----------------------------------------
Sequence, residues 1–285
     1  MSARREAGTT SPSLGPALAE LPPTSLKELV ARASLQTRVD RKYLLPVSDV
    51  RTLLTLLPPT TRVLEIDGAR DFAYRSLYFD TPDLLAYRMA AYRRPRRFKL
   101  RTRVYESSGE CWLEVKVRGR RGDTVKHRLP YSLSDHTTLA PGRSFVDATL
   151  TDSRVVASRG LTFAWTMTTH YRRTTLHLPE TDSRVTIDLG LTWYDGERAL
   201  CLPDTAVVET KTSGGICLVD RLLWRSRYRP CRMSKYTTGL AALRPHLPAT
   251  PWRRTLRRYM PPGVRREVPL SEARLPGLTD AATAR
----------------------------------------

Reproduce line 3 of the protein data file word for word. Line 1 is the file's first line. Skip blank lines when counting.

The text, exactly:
    51  RTLLTLLPPT TRVLEIDGAR DFAYRSLYFD TPDLLAYRMA AYRRPRRFKL